CDFI Impact Blog



Program Notes: A Closer Look at the FY 2018 CDFI Program and NACA Program Awards Notes: A Closer Look at the FY 2018 CDFI Program and NACA Program Awards <div class="ExternalClass0132A065772B46F5B090D7E899C9A852"><p>In mid-September, the CDFI Fund announced that <a href="/news-events/Pages/news-detail.aspx?NewsID=321&Category=Press%20Releases" target="_blank">303 CDFIs received $202.9 million in fiscal year (FY) 2018 CDFI Program and NACA Program awards.</a> As in past years, there are more fantastic statistics about the FY 2018 awardees than the CDFI Fund could easily highlight in one announcement. For example: </p><p> <b>First-time awardees:</b> Nearly one-quarter—22 percent—of the FY 2018 CDFI Program and NACA Program awardees had never previously received a Financial Assistance or Technical Assistance award. There were new awardees of all financial institution types, including one venture capital fund, nine depository institutions/holding companies, 24 credit unions, and 31 loan funds. There were also three first-time Sponsoring Entities in the NACA Program.</p><p> <b>Geographic representation:</b> The FY 2018 CDFI Program and NACA Program awardees are headquartered in 44 states, the District of Columbia, and Puerto Rico. Many CDFIs have operations in states or territories beyond where they are headquartered, however, and the awardees combined operate in all 50 states, the District of Columbia, American Samoa, Guam, Puerto Rico, and the U.S. Virgin Islands. </p><p>This year, five organizations headquartered in Puerto Rico received awards. With the recovery efforts from the effects of Hurricane Maria in 2017 still on-going, these awards should lead to increased financial services and lending on the island. Previously, the last time an organization in Puerto Rico received a CDFI Program award was in 2009.</p><p>Additionally, the proportionality of CDFI Program and NACA Program awardees by geography type closely mirrored the institution types of the application pool.</p><div class="figure"> <img class="ms-rtePosition-1" alt="Geographic Representation Table" src="/SiteCollectionImages/PublicationImages/Table%201%20%20Geographic%20Representation.JPG" style="width:550px;text-align:center;font-size:9pt;margin-right:1%;margin-bottom:0.5em;float:left;" /> </div><p> <br>       <b></b></p><p><b></b> </p><p><b></b> </p><p><b></b> <br><b>Reaching areas of Persistent Poverty:</b> The Consolidated Appropriations Act for Fiscal Year (FY) 2018 required that 10 percent of the funds awarded by the CDFI Fund under the appropriation “shall be used for awards that support investments that serve populations living in” Persistent Poverty Counties (PPCs). PPCs are defined as counties where 20 percent or more of the population has lived in poverty over the past 30 years. These counties can be found in the United States in both rural and urban areas.</p><p>For the FY 2018 CDFI Program and NACA Program award round, 89 CDFIs committed to serving PPCs and received $19.6 million in Financial Assistance awards specifically for investments in PPCs. In addition, 10 CDFIs headquartered in PPCs received Technical Assistance awards. This will be in addition to work that past awardees are already doing in PPCs. Historically, past CDFI Program awardees made more than 17 percent of their loans and investments in PPCs.</p><p> <b>Institutional proportionality:</b> Again in FY 2018, the proportionality of CDFI Program and NACA Program awardees by institution type closely mirrored the institution types of the application pool. </p><div class="figure"> <img class="ms-rtePosition-1" alt="Institution Type Table" src="/SiteCollectionImages/PublicationImages/Table%202%20Institution%20Type.JPG" style="width:560px;text-align:center;font-size:9pt;margin-right:1%;margin-bottom:0.5em;float:left;" /> </div><p> <br></p><p> </p><p> </p><p>The FY 2018 awards will have an impact on communities across the nation. I am proud of the results of this round, and I look forward to watching CDFIs bring positive change and growth to their target markets. But the CDFI Program and Native Initiatives team at the CDFI Fund is not resting easy – we are already actively preparing for the FY 2019 application round in the first quarter of 2019. Stay tuned to hear more from us soon.</p><p> <i>Amber Kuchar-Bell is the Program Manager of the CDFI Program and Native Initiatives</i></p></div>Amber Kuchar-Bell2018-11-20T21:30:00ZPrograms and Initiatives59GP0|#0760f5d5-6360-4d45-ba32-761ff5345cd1;L0|#00760f5d5-6360-4d45-ba32-761ff5345cd1|CDFI Program;GTSet|#52f34ab0-6f81-4fe6-b393-2715c7089532;GP0|#c890ec6f-810e-4c92-a8a0-1af04abbffc9;L0|#0c890ec6f-810e-4c92-a8a0-1af04abbffc9|Native Initiatives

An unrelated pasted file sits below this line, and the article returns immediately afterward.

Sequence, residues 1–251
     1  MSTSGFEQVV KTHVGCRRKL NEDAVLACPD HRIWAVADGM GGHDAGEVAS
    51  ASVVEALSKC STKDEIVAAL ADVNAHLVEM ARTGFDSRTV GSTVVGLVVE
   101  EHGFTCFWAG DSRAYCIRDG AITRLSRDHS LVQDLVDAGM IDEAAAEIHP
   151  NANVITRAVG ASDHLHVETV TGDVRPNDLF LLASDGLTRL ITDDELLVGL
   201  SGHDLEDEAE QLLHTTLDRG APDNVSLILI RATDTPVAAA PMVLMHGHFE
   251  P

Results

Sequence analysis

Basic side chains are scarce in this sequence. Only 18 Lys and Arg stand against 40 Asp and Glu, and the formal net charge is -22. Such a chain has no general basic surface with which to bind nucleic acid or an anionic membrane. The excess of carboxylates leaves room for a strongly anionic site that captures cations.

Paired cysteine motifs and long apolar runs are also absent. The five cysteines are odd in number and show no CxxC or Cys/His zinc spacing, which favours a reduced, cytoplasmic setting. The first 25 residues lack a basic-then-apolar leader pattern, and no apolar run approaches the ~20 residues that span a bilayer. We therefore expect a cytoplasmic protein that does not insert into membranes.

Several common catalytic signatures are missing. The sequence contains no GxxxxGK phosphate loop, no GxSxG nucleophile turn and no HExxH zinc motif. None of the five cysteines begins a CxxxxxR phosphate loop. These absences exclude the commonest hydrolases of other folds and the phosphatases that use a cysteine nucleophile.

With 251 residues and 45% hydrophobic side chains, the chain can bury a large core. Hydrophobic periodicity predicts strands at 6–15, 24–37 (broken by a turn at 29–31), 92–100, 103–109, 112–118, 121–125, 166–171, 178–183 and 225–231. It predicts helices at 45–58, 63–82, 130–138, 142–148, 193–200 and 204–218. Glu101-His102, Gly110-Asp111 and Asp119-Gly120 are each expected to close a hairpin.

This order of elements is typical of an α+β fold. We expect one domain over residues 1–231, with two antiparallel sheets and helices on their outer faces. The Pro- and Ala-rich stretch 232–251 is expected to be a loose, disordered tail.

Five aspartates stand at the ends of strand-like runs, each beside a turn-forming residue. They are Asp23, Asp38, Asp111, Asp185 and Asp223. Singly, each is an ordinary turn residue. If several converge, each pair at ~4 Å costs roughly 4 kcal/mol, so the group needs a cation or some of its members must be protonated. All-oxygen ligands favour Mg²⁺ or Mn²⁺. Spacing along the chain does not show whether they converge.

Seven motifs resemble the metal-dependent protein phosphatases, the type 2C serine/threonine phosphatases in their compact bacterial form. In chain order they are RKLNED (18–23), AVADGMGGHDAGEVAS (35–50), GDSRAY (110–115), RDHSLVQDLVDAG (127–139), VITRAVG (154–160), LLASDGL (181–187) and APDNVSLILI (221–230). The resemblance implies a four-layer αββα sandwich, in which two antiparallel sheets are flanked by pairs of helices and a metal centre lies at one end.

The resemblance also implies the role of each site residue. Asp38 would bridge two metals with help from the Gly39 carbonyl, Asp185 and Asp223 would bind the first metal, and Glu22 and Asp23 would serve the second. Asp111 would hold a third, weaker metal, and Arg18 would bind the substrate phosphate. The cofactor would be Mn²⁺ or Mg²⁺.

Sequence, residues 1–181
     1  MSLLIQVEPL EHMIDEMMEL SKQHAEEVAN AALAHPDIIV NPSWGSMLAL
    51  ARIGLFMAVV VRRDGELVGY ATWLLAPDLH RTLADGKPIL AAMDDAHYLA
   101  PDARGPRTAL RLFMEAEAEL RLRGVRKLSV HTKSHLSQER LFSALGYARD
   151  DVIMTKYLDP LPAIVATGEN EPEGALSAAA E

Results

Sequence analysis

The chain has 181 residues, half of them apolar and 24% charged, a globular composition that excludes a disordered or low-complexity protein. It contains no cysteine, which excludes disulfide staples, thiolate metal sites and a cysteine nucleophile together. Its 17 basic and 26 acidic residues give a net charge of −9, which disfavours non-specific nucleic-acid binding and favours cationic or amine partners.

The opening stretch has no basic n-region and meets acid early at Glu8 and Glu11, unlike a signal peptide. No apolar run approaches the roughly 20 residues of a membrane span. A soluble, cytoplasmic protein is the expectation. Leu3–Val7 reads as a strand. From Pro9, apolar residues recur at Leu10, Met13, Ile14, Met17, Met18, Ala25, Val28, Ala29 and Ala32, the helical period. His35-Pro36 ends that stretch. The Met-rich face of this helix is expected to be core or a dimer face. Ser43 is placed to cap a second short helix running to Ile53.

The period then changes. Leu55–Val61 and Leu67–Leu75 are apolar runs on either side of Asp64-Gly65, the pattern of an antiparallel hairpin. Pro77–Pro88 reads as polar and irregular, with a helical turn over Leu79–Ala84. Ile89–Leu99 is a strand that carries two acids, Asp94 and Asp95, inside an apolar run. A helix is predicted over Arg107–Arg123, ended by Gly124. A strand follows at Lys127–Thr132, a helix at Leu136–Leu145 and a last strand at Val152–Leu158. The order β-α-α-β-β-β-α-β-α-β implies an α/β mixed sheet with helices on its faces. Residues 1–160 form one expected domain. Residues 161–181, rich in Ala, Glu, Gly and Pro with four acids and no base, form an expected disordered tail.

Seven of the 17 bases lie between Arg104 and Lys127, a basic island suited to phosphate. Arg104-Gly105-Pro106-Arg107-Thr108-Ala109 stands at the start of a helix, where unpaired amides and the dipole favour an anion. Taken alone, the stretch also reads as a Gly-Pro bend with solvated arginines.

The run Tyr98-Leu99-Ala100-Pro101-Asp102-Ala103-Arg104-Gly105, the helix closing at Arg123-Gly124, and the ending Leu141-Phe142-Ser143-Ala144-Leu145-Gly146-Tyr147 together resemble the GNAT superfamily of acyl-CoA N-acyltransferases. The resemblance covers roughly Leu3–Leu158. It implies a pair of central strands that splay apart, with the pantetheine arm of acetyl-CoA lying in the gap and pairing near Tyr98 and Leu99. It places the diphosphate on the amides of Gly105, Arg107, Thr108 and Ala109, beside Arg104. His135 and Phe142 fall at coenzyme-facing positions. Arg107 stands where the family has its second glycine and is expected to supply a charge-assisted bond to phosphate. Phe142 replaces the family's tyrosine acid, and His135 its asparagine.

CDFI Bond Guarantee Program Gives Boost to CDFIs Seeking S&P Ratings Bond Guarantee Program Gives Boost to CDFIs Seeking S&P Ratings<div class="ExternalClass9C20BF5FC2C34EBDB183A53E096C719D"><p>Community Development Financial Institutions (CDFIs) are always in need of capital to invest in their target markets, to grow their balance sheets, and to remain financially viable. Potential sources of capital include philanthropy, financial institutions, private investors, and government programs. One relatively new source of capital is the CDFI Fund’s CDFI Bond Guarantee Program (BG Program). Created through the Small Business Jobs Act of 2010 (P.L. 111-240), the BG Program offers CDFIs access to long-term, low-cost capital that can be invested in distressed and underserved communities. </p><p>CDFIs that have gained access to the BG Program know that the process is not a walk in the park, but the resulting debt maturities of up to 29.5 years, priced at a small spread over treasury rates, can be well worth the effort. The <a href="/SiteCollectionImages/PublicationImages/BP%20Program%20Chart%20Nov%202018.jpg" target="_blank">BG Program enables CDFIs to finance mission-driven projects of various types and sizes </a>including small businesses, commercial real estate, affordable housing, charter schools, daycare or healthcare centers, and infrastructure, among others. </p><p>Unlike other CDFI Fund programs, the BG Program provides loans as opposed to grants. Bonds issued through the BG Program must be repaid to the federal <a href="#government">government</a>. Because Congress has not funded a loan loss reserve for the BG Program, the tolerance for risk is very low. CDFIs applying to the program undergo a meticulous underwriting and financial screening that verifies their financial soundness and ability to repay the debt. The information collected in the BG Program application is used to determine CDFI applicants’ abilities to generate revenue; debt-to-capitalization ratios; portfolio risk; effectiveness in servicing existing debt; as well as management and operations capacity. In addition, the CDFI Fund stress tests the financial projections of program applicants to determine their ability to repay BG Program loans. </p><p>Because the examinations, reviews, and information collected from CDFIs applying to the BG Program are similar to those performed by Wall Street credit-rating agencies, the program has proven to be a good training ground for CDFIs seeking to access debt from the capital markets.</p><p>In fact, Standard & Poor's Global Ratings (S&P), which issues credit ratings for the debt of public and private companies, has provided investment-grade ratings for a half dozen <a href="#CDFIs">CDFIs</a>. Three of these organizations have gone on to issue publically-rated debt.</p><ul><li><p><strong>Capital Impact Partners</strong>: Through two application rounds, Capital Impact has been approved for a total of $95 million in BG Program bond loans. Capital Impact currently has an S&P AA- credit rating. In its credit rating report, S&P cited Capital Impact Partners’ overall asset quality, minimal risk profile, liquidity, and management. In 2017, Capital Impact closed on a $100 million public note shelf offering, which received an AA S&P rating. The offering amount was increased by another $100 million to $200 million in 2018 and rated AA- by S&P. To date, Capital Impact has issued approximately $95 million in notes out of their total $200 million shelf offering. </p></li><li><p><strong>Local Initiatives Support Corporation </strong>(LISC): Approved for a $50 million BG Program bond loan in 2014, LISC then went on to receive an AA rating from S&P in 2016. S&P cited LISC’s organization strength and sustained community impact in its rating summary. LISC then issued a $100 million public debt offering that carried an AA rating from S&P in 2017.</p></li><li><p><strong>Reinvestment Fund, Inc</strong>. (RF): RF has been approved for a total of $126.6 million in BG Program loans from multiple bond issuances. RF went on to receive an AA- rating from S&P in 2017. In its ratings research summary, S&P credited RF’s minimal loss exposure, extremely low-risk debt profile, extremely strong history of loan performance, consistent growth in loans and assets, and experienced and prudent management as being among the reasons for this investment-grade rating. In May 2017, RF received an S&P AA- credit rating for a $50.9 million public bond issuance. In October 2018, RF announced the close of an additional $75.7 million in general obligation bonds.</p></li></ul><p>In addition to providing much needed capital to CDFIs, the rigorous underwriting process that CDFIs must endure in the BG Program has turned out to be a useful stepping stone for CDFIs seeking to reach larger pools of capital from new investors. Looking ahead, we are eager to see if the data we are collecting on loan level performance by asset classes might also be used to bolster the case for CDFIs seeking greater access to the capital markets. </p><p><em>Lisa Jones is the Manager of the CDFI Fund’s CDFI Bond Guarantee Program.</em></p><hr /> <footer> <ol><li id="government"> The Secretary of the Treasury provides a 100 percent guarantee on bonds issued through the BG Program. The guarantee amount is up to $500 million under the fiscal year 2018 authorization level. Each bond has a maximum maturity level of 29.5 years. The Federal Financing Bank (FFB) purchases the bonds and the proceeds from the bond sale are used to extend credit in the form of loans to participating CDFIs. <br> </li><li id="CDFIs">Capital Impact Partners, Clearinghouse CDFI, Enterprise Community Loan Fund, Housing Trust Silicon Valley, Local Initiatives Support Corporation and Reinvestment Fund have all received AA or AA- ICRs from S&P. </li><p> </p></ol> </footer> </div>2018-11-28T15:26:00ZPrograms and Initiatives60GP0|#e5ca169a-3210-4374-8024-08bc93cb9c65;L0|#0e5ca169a-3210-4374-8024-08bc93cb9c65|CDFI Bond Guarantee Program;GTSet|#52f34ab0-6f81-4fe6-b393-2715c7089532